It’s all in the wrists

I got a few interesting questions recently, which was helpful because I was having a tough time finding good material for you guys and gals of late.  That’s the problem with working on the next Operating System, I can’t tell you about all the cool stuff yet. *g*

So here’s today’s question (in two parts);

1.) Do you use a single system to code, compile, verify and test a kernel driver?

Nope, pretty much, kinda sorta and nope.  We’re actually pretty wide open as far as coding environments around here.  Across this team alone you’ll find Visual Studio, gVIM, Slick Edit and probably 2 or 3 other IDEs in use (I’ve actually even seen notepad used once).  The only coding requirements are really based around formatting, naming convention(s) and the like.  Which is really fun when you get somebody who crafts a build script that goes out and checks for tabs rather than spaces in source code. 😉

Our compiler is a different story, pretty much everything we build is done so in very much the same environment shipped in the WDK.  Yes there are some caveats, but that’s only because I can’t speak for every team and some of our internal process isn’t really meant for general consumption.  But our compiler is linked to our source control environment which makes wrapping a full one stop shopping coding / compiling / source control environment more of a challenge.  There are a lot of great tools internally to get most of it done depending on your IDE of choice.  Personally (if you haven’t figured it out yet), I use Visual Studio as my source editor, a couple of internal tools to manage source control from within Visual Studio and then build in that external razzle environment.  Like I said before, I’m still not prone to giving up some of my past. 🙂

Verification is another tricky question (somewhat open ended really).  If we’re talking about compile time code verification, then yes we do have a somewhat unified system in place.  We use the same tools we ship in the WDK, PREfast and Static Driver Verifier.  Our internal build system actually runs PREfast for us as a post build process.

Finally our testing is a real Pandora’s Box type question.  We do use the same tools we ship externally, Application Verifier, Driver Verifier and WDF Verifier, but we also develop other tools internally to cover scenarios we just can’t reach using those tools.  Here again, it’s not a one stop shopping system across the Windows teams, but for those of you going to the DDC, Bob, Shyamal and Wei will be giving a shared secrets talk which will cover some more of what we do internally.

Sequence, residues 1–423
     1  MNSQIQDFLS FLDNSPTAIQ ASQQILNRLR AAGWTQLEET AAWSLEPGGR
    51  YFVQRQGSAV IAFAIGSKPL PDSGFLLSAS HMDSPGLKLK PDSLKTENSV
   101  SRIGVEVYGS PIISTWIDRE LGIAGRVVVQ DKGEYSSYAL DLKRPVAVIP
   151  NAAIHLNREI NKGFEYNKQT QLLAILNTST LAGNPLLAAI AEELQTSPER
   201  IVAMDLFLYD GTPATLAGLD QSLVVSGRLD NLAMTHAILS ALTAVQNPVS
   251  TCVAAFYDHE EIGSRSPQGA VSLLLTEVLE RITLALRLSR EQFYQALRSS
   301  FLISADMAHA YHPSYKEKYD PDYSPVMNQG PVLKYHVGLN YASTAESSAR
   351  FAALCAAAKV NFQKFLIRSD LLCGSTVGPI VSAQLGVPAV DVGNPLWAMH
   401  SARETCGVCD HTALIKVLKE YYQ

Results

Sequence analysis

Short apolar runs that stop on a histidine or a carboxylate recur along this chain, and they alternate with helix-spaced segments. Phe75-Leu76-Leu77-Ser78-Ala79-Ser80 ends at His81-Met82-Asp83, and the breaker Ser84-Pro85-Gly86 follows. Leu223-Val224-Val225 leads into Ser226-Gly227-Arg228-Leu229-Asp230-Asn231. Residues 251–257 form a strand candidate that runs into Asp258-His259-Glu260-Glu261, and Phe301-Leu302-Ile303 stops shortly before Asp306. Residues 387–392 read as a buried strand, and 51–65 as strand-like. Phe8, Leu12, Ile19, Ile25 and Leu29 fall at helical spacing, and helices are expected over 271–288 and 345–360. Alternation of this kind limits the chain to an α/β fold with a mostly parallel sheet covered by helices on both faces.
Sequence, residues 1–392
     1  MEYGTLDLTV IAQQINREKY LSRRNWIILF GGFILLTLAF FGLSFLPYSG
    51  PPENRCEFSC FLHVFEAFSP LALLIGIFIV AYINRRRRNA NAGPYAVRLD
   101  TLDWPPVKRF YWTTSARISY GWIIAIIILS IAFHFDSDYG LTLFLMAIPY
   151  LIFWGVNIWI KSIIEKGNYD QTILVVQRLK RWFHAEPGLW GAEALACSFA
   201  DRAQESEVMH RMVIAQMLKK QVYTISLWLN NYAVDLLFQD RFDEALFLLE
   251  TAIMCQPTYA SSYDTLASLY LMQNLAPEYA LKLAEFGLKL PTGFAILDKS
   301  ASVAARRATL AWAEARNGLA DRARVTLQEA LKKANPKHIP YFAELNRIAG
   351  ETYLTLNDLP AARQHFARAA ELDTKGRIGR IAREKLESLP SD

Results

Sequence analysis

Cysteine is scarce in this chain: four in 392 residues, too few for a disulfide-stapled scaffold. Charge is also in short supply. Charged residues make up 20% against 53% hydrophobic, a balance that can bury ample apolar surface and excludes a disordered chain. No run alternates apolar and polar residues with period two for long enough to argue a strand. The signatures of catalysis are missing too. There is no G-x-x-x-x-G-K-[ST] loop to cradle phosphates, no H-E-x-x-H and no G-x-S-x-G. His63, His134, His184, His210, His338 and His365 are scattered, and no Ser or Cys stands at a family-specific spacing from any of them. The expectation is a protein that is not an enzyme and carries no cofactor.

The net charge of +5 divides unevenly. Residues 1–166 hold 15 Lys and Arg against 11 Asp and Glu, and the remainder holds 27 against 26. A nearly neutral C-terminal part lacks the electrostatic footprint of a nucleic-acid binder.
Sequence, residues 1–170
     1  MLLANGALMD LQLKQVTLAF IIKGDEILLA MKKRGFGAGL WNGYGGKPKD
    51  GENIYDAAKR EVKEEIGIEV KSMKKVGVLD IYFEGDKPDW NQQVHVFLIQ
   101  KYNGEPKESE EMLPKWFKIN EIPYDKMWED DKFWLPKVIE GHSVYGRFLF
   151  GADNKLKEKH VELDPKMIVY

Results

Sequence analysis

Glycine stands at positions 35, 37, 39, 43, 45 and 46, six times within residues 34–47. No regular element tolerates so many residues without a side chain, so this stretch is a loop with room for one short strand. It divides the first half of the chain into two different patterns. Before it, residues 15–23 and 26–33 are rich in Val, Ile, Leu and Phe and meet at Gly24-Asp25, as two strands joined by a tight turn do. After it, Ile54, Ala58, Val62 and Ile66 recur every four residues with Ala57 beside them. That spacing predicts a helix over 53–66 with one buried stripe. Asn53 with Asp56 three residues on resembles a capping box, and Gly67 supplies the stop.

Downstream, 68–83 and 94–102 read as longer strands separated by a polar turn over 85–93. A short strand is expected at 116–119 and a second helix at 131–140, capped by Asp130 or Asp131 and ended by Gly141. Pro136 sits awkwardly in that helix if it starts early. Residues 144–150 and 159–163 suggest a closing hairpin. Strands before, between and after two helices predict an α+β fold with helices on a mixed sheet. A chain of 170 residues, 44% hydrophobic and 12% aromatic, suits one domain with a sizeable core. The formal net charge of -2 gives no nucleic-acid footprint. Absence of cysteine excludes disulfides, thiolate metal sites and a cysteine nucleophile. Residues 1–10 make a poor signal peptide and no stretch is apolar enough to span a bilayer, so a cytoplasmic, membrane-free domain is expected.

2.) How do you use virtualization software in the test and dev process?

This is my favorite one, I’ve been on a big push around here to get more people using virtual environments. Personally I’ve been using Virtual PC since 2005, I did some test work for them on that release, so I got in on the ground floor somewhat.  Anyway, I use VMs to extend test coverage primarily on down level OSes.  I keep “clean” installations of Windows XP SP1, SP2, SP3, Server 2003, Vista and Vista SP1 and some variants of those on my system.  A lot more people are starting to use HyperV and Virtual PC around here, but given some of the limitations of those environments (e.g. inability to map USB hardware) and other little nuisances we can’t use them for a full end to end test beds, this is a little more intrusive on the kernel side where you may require a piece of hardware.  I know there are other virtual environments out there that do allow these features, but we’re kind of prone to using our own products. 🙂

*Currently playing – King’s X Alone

Comments (1)

  1. sippy says:

    cool, thanks for sharing.

    I would offer the caveat that testing drivers in a VM isn’t very representative of a "real, live system".  You are almost always going to encounter something screwy with a system that’s been "broken in."